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Hello. I'm Margot Politis. Welcome to Study English, IELTS preparation.
Today we're going to look at ways to talk about something that's happened in the past,
and we'll also have a look at ways to form compound and complex sentences.
First, we're going to listen to a woman talk about a dramatic event in her past. Four years
ago, she had a stroke - a blood vessel burst in her brain.
Here's what happened to her:
A stroke is whereby the blood supply to the brain is cut off. The major signs of having
had a stroke that most people would equate with is weakness, so paralysis of an arm,
leg or face. In others it can be a loss of speech or inability to communicate. Others
may have loss of vision or a combination of all those things.
I was just so physically fit and also emotionally I was on top of the world. I had a really
good job at that time, and I was getting married.
I just felt terribly nauseous and I woke up with pins and needles down one side of my
leg, and then it worked its way up towards my arm and across.
I was just immobile. I couldn't move. I couldn't walk. I was paralysed on this side of my body.
Simone is telling her story. She is giving a recount of what happened to her and how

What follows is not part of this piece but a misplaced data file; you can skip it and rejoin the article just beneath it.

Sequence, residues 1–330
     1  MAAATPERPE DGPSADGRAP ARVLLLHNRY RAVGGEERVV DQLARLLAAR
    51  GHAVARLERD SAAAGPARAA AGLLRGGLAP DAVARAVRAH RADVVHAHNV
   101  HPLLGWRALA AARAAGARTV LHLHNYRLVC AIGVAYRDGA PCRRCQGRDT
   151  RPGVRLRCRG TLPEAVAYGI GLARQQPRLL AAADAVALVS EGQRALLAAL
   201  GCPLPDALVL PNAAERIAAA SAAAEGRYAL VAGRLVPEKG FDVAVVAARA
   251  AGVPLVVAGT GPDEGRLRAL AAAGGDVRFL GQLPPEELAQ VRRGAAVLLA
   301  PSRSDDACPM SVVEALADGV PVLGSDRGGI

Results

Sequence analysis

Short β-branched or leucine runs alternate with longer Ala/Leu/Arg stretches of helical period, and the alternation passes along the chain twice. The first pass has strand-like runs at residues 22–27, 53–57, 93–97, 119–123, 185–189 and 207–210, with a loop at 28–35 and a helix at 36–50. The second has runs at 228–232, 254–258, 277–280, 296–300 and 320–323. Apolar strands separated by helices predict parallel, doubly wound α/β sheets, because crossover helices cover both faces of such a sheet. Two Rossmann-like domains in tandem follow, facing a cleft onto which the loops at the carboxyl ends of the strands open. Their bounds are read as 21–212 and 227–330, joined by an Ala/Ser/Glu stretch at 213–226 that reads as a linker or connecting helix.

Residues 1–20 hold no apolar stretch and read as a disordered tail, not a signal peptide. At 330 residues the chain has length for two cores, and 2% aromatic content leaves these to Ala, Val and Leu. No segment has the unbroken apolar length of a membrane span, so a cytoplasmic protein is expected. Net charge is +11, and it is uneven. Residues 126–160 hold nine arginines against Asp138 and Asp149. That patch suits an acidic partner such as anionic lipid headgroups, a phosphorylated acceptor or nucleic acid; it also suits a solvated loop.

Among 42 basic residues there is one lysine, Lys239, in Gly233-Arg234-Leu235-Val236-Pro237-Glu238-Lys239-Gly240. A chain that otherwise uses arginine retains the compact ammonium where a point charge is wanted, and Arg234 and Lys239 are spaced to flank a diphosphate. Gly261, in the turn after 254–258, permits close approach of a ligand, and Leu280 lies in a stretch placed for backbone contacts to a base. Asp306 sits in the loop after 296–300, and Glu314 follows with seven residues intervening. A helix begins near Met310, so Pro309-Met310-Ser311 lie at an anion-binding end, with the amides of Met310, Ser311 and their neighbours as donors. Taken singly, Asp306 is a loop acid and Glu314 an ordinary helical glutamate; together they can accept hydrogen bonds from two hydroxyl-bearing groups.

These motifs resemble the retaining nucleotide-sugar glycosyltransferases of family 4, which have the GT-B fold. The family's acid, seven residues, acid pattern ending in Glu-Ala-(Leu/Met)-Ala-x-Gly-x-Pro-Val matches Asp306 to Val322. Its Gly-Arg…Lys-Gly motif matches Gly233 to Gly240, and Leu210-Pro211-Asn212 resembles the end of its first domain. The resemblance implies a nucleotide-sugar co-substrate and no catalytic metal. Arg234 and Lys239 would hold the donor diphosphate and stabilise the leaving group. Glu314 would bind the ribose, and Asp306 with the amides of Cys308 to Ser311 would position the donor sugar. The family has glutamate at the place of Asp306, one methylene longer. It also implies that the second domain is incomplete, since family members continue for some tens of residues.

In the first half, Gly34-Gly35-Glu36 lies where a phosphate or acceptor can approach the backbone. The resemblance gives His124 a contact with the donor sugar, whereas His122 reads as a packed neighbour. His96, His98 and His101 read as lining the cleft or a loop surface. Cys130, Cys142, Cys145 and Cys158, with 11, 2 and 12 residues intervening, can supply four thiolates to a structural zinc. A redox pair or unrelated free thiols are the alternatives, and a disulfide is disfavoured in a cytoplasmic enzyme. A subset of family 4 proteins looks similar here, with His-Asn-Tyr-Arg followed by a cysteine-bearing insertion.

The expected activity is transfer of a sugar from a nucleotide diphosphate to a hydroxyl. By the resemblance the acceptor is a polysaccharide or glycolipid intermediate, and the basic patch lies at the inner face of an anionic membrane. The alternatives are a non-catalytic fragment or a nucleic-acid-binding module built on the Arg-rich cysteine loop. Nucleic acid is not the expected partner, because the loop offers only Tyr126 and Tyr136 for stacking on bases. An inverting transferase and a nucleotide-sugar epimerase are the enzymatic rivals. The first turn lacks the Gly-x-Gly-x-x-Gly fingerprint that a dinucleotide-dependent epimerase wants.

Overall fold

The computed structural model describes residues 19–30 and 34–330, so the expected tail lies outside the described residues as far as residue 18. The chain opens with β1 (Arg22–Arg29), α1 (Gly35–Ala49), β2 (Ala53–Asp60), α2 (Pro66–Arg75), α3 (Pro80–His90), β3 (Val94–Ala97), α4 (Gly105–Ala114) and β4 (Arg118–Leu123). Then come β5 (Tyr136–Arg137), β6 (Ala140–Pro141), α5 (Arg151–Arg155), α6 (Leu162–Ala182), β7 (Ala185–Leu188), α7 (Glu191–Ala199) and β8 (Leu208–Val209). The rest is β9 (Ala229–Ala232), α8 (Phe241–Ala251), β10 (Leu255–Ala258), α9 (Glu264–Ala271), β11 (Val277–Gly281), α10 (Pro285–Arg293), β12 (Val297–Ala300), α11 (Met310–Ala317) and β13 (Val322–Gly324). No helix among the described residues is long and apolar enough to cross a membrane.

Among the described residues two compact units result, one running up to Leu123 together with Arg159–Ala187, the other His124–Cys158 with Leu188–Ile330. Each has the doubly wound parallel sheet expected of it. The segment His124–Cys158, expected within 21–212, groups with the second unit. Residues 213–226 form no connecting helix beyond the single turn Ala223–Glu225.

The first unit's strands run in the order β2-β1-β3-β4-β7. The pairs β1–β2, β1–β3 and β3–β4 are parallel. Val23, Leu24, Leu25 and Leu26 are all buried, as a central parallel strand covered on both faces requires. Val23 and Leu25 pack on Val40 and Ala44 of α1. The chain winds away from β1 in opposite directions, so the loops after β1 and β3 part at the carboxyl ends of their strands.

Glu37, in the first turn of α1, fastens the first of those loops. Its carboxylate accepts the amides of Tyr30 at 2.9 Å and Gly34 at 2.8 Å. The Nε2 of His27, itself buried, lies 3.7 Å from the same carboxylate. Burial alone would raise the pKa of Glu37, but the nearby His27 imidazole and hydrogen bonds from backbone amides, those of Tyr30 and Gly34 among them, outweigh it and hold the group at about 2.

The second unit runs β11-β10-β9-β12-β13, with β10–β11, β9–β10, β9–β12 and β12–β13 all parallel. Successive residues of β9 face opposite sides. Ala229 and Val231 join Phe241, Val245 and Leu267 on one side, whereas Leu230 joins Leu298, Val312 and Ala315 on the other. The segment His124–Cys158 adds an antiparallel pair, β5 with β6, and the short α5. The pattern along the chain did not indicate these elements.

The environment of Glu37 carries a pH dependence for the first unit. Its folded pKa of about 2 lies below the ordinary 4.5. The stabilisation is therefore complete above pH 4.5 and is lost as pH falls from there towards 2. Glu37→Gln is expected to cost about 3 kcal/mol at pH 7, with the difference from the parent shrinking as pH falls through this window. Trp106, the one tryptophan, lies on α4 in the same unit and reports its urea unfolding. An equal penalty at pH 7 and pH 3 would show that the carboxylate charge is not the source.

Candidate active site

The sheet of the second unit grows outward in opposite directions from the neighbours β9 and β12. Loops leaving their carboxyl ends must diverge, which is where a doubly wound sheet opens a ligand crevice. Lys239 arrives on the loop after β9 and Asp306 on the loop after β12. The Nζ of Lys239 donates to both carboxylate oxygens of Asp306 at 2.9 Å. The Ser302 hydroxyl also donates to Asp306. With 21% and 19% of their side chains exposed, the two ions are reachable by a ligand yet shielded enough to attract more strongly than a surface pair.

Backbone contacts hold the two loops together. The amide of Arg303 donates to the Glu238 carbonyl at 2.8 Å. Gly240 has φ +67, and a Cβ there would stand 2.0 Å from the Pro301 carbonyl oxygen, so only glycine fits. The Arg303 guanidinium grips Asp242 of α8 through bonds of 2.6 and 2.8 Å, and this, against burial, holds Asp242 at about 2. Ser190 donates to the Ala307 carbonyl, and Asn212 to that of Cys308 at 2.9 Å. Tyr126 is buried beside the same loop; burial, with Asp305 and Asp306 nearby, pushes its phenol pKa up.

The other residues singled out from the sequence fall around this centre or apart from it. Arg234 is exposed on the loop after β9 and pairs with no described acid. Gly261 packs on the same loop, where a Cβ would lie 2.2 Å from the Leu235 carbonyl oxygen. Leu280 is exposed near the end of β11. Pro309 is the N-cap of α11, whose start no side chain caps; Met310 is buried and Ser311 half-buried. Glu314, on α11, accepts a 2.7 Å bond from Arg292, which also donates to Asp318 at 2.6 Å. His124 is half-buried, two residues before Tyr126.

she was affected.
A recount is a story about past events, usually in the order in which they occur.
Let's take another look at a clip from today's episode. Listen for the past tense verbs in
Simone's story.
I was just so physically fit and also emotionally I was on top of the world. I had a really
good job at this time, and I was getting married.
She says: I was so physically fit, I was on top of the world. I had a really good job.
Here, 'was' and 'had' are past tense verbs.
They're irregular verbs.
Let's compare the three forms of these irregular verbs.
From the infinitive form of the verb 'to be', we can form the simple present forms: am,
is and are; and we can also make the simple past forms - was or were.
Notice that the verb to be is the only verb in English that has two past tense forms.
All others just have one.
Let's do the same for the verb 'to have'.
What is the simple present for of the verb 'to have'?
Has, or have.
And the simple past form?
Had.
When you learn new verbs, it's important to learn them with all their different forms,
so make sure you write verbs down in a notebook, and work out all their different tenses as
well.
When you are recounting a story that happened in the past, you'll need to use all these
simple past tense forms of verbs.
You'll also need to use a variety of 'transition signals' - words that help to order the events.
Using transition signals will help the reader or listener follow the order of events in
the story.
Listen for the transition signal in this clip.
I just felt terribly nauseous and I woke up with pins and needles down one side of my
leg, and then it worked its way up towards my arm and across.
She uses the word 'then'. 'Then' is very common in informal spoken language, so are other
more informal transition signals like 'next' or 'after that'.
Simone said she had a feeling of pins and needles in her leg. Then it worked its way
to her arm.
In more formal language, you might find transition signals like 'at first' or 'subsequently,
or 'after a while'.
If we wanted to make Simone's story clearer, we could add some transition signals to her
story.